This led to several months of detailed discussions with the rest of our portfolio managers, in which the findings of the Emerging Markets Debt team, but also our CVaR analysis of the thermal coal industry, played a persuasive role. The result was a policy applied to essentially all of our U.S. registered mutual funds, closed-ended funds and international UCITS prohibiting new investments in companies that derive more than 25% of their revenues from thermal coal mining or are expanding new thermal coal power generation.
In the Vanguard
This story shows that for us, coming to grips with climate risk is about positive action, not mere portfolio analytics or security evaluation. Moreover, it’s about action that benefits society, the wider market and our peer group, in addition to Neuberger Berman and our clients.
That’s why CVaR analysis is an increasingly important part of our corporate engagement. Some forward-thinking multinationals already submit their own businesses to very similar analyses, but for the long tail of companies with fewer resources, our data can reveal hidden costs and risks, even potential opportunities—and be a spur to action.
It’s also why we are one of five asset managers, and the only one from the U.S., to sign up as a Research Funding Partner with the Transition Pathway Initiative (TPI). The TPI provides free-to-use, independent research to help investors assess the alignment of their portfolios with the Paris Agreement goals and to promote emissions reductions.
Many of our clients are trying to understand their own exposure to climate risk. A number of Australian superfunds, U.K. pension pools and U.S. insurance companies have told us that capabilities like our CVaR analytics remain rare in our industry. We want to change that. Through our partnership with the TPI and our 12-month stint as PRI Leaders on climate reporting, we aim to raise awareness of the importance and effectiveness of this kind of analysis among corporate management and our peers.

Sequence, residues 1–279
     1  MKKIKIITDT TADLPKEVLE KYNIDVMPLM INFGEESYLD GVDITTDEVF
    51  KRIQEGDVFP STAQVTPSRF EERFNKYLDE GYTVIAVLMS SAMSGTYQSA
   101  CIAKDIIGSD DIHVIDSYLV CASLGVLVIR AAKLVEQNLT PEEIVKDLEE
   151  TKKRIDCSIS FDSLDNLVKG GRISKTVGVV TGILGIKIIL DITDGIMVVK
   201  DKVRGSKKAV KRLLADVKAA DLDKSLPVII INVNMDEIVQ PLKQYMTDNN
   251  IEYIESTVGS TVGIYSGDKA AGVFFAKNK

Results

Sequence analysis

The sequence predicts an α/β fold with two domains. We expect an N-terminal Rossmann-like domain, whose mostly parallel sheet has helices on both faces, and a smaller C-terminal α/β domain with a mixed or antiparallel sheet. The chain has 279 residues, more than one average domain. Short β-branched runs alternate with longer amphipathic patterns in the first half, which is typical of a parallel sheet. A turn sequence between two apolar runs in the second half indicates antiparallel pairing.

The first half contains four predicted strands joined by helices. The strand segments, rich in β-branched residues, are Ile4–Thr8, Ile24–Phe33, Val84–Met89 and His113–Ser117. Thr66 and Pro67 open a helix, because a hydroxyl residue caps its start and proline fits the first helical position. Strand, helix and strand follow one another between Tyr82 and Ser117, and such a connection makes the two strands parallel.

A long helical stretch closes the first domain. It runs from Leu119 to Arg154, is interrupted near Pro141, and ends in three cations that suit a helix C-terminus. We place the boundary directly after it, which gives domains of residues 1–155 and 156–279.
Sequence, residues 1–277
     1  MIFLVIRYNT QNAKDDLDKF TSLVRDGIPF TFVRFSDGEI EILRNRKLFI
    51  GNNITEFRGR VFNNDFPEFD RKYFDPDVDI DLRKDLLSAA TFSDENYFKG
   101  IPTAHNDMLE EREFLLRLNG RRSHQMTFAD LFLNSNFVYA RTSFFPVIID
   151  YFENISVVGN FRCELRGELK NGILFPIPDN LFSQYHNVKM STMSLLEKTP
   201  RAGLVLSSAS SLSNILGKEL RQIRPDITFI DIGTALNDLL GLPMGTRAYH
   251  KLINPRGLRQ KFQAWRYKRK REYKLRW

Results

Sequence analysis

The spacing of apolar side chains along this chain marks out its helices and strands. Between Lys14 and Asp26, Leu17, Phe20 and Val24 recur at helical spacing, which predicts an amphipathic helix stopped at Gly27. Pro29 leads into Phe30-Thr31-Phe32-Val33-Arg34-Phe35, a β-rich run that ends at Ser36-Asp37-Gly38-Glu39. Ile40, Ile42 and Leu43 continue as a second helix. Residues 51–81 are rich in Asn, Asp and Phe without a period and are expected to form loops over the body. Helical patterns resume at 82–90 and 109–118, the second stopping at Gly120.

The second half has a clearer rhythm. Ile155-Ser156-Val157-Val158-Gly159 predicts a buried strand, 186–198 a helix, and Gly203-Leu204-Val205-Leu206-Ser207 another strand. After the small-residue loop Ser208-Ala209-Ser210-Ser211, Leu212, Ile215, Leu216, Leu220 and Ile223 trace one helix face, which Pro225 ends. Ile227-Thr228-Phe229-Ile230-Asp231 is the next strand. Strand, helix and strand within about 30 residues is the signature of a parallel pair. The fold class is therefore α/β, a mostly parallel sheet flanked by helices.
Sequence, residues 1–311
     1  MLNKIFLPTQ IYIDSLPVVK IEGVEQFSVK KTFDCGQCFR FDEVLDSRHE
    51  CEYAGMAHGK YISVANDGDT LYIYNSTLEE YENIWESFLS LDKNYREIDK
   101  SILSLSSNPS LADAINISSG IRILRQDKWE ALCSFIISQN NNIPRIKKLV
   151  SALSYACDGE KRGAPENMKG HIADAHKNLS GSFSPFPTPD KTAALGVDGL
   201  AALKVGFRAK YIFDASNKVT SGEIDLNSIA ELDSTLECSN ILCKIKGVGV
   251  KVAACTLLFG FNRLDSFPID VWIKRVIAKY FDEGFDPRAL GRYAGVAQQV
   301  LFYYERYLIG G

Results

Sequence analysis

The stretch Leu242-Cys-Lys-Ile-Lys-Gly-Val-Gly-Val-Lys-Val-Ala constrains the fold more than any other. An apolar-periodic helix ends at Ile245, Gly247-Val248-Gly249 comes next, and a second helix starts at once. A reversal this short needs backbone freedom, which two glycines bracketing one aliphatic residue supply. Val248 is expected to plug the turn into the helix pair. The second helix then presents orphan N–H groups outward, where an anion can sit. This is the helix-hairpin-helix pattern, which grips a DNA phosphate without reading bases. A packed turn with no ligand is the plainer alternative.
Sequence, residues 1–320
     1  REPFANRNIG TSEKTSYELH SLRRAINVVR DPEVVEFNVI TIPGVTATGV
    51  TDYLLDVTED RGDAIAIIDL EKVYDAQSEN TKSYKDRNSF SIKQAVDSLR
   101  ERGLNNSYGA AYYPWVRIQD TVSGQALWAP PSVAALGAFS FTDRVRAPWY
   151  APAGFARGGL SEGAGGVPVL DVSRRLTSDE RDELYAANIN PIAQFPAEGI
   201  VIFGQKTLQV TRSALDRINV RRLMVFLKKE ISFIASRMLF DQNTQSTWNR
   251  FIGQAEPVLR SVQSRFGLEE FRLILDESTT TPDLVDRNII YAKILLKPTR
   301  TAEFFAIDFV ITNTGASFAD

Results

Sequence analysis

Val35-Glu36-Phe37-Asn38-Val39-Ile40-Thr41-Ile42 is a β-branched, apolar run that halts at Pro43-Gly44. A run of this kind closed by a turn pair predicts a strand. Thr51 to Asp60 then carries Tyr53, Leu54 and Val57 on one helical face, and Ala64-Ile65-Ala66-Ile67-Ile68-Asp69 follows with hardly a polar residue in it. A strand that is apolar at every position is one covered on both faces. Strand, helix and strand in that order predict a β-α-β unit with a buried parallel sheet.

It’s great to be in the vanguard, but our hope is for this to become an asset management industry standard.
In Case You Missed It
- U.S. Consumer Price Index: +0.2% in September month-over-month and +1.4% year-over-year (core CPI increased 0.2% month-over-month and 1.7% year-over-year)
- U.S. Producer Price Index: +0.4% in September month-over-month and +0.4% year-over-year
- China Consumer Price Index: +1.7% in September year-over-year
- U.S. Initial Jobless Claims: +898,000 for the week ending October 10
- U.S. Retail Sales: 1.9% in September
What to Watch For
- Monday, October 19:
- China 3Q 2020 GDP
- NAHB Housing Market Index
- Tuesday, October 20:
- U.S. Housing Starts and Building Permits
- Thursday, October 22:
- U.S. Initial Jobless Claims
- U.S. Existing Home Sales
- Japan Purchasing Managers’ Index
- Friday, October 23:
- U.S. Purchasing Managers’ Index
- Eurozone Purchasing Managers’ Index